Managing a building sustainably

Managing a building sustainably

Commercial Buildings - A Sustainable Approach

The ability to make a difference within the built environment is actually huge.  Buildings are directly responsible for 40% of energy use in Ireland, and an estimated 1.5 million homes in Ireland need retrofitting. Apart from ‘doing the right thing’, there are now very compelling financial reasons to want to ‘Go Green’.

The benefits of “greener buildings” are obvious to us all if we actually think about it. Study after study has shown that greener buildings are better for our health, and increase our performance at work.  They say that 90% of our lives are spent indoors, and so the quality of our homes and workplaces has an obvious lasting impact on our health.

The concept of ‘WELL’ buildings are part of the second ‘wave’ of sustainability - part of the health and wellbeing initiative.  Health and Wellbeing has been described as the next 'trillion dollar industry' by Mckinsey. Research on health and wellbeing has been increasing over the last few years and has given rise to the WELL Building Standard - launched in 2013 in the US and 2015 in the UK. With positive impacts on asset values in real estate, shopping revenues in retail, patient recovery in healthcare and student performance in education, designing for health and wellbeing is becoming more and more important.  Astonishingly, 90% of a typical companies costs are actually on their staffs salaries, with only about 1% typically spent on energy.

The work of the World Green Building Council has produced several report that outline the benefits of ‘green’ buildings to increase staff performance by 8% and reduce absenteeism by 35%. They also found that office workers with windows at their desks typically sleep for 46 mins more a night than those who don’t!

A low-carbon building has a low carbon footprint and a big carbon handprint.

carbon footprint analysis covers a building’s entire life cycle. It includes the manufacture and transportation of the products used in a construction project, the worksite, the use and maintenance of the building, its demolition, and recycling.

carbon handprint analysis incorporates the net benefits of climate impact that would not arise if there were no construction project. These might be the building’s carbon storages and sinks, the extra renewable energy produced during the building’s life cycle, and the benefits gained from the reuse and recycling of the construction products.

The Finish Ministry of the Environment published a roadmap to low-carbon construction, which describes a method employed in Finland for the whole life carbon assessment of buildings. The method is based on the European Commission’s Level(s) method and European Standards. The method is intended to be used for the assessment of the carbon footprint and carbon handprint of new buildings and buildings undergoing extensive repairs.

Read the full report here.

The EPD Ireland programme allows manufacturers of construction products to provide 3rd party verified transparent information on the environmental impacts of their products. It provides a platform for specifiers to source products with Environmental Product Declarations and other information such as responsible procurement or declaration of healthy ingredients.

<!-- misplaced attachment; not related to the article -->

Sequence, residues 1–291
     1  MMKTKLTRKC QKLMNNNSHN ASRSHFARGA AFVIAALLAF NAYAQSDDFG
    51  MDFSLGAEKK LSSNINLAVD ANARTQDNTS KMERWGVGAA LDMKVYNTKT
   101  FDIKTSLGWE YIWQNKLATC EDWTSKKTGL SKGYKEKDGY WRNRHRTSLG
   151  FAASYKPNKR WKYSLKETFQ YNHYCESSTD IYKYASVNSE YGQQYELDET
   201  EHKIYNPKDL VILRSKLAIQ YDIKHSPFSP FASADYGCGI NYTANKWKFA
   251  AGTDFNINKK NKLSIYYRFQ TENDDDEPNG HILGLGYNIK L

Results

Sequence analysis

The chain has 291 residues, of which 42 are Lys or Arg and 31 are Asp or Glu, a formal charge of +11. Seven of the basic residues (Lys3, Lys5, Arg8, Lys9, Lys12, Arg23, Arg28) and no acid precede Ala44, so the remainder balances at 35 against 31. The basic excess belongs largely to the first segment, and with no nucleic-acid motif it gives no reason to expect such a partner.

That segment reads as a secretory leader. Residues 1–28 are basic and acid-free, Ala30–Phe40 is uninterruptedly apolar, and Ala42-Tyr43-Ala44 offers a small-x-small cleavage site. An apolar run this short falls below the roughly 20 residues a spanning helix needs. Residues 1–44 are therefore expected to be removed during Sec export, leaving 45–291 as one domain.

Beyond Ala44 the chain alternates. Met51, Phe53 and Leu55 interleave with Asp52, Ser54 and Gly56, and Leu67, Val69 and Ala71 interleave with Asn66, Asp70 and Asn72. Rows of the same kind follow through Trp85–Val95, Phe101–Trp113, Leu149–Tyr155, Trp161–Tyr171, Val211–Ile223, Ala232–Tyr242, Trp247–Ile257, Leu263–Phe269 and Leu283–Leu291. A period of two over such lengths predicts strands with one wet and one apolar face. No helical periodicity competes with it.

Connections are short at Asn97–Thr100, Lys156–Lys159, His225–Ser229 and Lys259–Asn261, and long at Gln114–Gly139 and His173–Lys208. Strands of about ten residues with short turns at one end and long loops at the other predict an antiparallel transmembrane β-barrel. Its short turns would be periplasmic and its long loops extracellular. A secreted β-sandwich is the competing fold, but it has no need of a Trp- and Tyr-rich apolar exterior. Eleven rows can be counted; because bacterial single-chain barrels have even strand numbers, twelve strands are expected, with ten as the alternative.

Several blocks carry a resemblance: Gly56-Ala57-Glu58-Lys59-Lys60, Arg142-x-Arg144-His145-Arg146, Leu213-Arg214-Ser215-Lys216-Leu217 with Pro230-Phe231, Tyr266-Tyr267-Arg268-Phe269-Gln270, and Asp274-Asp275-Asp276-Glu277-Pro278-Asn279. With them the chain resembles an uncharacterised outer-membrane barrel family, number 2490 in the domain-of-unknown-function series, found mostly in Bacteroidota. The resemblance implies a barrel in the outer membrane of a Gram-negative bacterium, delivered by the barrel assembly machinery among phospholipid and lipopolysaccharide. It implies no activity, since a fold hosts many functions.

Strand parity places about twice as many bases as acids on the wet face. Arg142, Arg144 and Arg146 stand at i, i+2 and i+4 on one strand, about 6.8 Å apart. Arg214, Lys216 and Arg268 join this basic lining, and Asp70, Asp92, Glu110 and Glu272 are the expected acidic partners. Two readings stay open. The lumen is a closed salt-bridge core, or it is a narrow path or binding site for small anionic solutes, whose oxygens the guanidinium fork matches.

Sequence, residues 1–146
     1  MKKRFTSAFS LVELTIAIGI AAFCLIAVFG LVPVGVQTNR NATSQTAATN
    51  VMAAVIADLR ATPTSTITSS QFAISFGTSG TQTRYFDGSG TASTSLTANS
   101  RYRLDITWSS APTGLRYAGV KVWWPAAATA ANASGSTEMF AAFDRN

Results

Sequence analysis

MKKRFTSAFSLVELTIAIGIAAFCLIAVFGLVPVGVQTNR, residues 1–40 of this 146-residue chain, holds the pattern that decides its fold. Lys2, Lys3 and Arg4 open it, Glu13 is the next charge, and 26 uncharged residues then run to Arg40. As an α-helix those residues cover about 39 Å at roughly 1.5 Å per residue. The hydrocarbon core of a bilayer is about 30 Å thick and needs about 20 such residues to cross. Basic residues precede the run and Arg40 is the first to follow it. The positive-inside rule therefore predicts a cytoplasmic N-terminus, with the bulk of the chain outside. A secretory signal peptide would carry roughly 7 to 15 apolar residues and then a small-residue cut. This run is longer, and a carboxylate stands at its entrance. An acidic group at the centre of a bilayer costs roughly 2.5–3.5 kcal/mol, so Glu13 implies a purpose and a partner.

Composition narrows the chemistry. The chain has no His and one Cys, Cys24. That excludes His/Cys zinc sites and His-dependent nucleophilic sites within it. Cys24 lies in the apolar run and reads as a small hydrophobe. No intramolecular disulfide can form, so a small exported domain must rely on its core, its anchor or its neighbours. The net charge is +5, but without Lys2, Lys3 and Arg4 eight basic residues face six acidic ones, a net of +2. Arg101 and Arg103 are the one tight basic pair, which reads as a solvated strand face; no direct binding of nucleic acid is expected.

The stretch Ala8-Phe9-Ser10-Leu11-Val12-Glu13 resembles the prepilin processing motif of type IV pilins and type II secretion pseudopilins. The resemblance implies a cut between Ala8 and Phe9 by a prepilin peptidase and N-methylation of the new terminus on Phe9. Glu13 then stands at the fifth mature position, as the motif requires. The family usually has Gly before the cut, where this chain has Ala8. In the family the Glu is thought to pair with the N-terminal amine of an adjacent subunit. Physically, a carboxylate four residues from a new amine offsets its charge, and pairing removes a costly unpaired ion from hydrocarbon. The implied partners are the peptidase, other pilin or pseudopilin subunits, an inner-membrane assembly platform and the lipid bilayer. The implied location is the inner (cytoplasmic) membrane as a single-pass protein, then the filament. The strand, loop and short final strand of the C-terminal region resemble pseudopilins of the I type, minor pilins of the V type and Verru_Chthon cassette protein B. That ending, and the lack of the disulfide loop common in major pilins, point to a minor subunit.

Find out more at

Benefits for Commercial Sustainability

For the landlord:
• Asset value is maintained.
• Increased rental returns due to lower building operating costs.
• Enhances the appeal of buildings to high calibre tenants.
• Trend towards Green Securitisation.

For the tenant:
• Framework to lower building operating costs.
• Sharing the investment cost, to reach energy efficiency
• Sustainable workplaces increase productivity and satisfaction.
• Encourages a relationship of collaboration, to meet corporate
social responsibility objectives.

Irish Goals and Progress

Ireland is part of a collective EU pledge to this Agreement
The EU has committed to reducing GHG’s (on 1990 levels) by:-
1. 20% by 2020 (we have failed to meet this)
2. 40% by 2030, and
3. Between 80-95% by 2050

The energy intensity per square meter of the global buildings sector needs to improve on average by 30% by 2030 (compared to 2015) to be on track to meet global climate ambitions set forth in the Paris Agreement.

In Ireland, over the period 2000 to 2014 there was a 19.4% improvement in energy efficiency in the overall economy.

Frequently Asked Questions

Green Leases are now seen as a critical element in sustainable development.

In very broad terms, they are leases which contain specific provisions in relation to the future sustainable operation of property and buildings.

These can include measures relating to energy efficiency, waste reduction, waste management, water efficiency and so on, as well as social and ethical issues.

They are used for leases on commercial or public buildings, whether new, newly refurbished or existing, and typically include obligations for both landlords and tenants.

Basically a Green Lease contains the traditional landlord/tenant obligations plus additional clauses to create, protect or enhance the property Energy Performance Rating.

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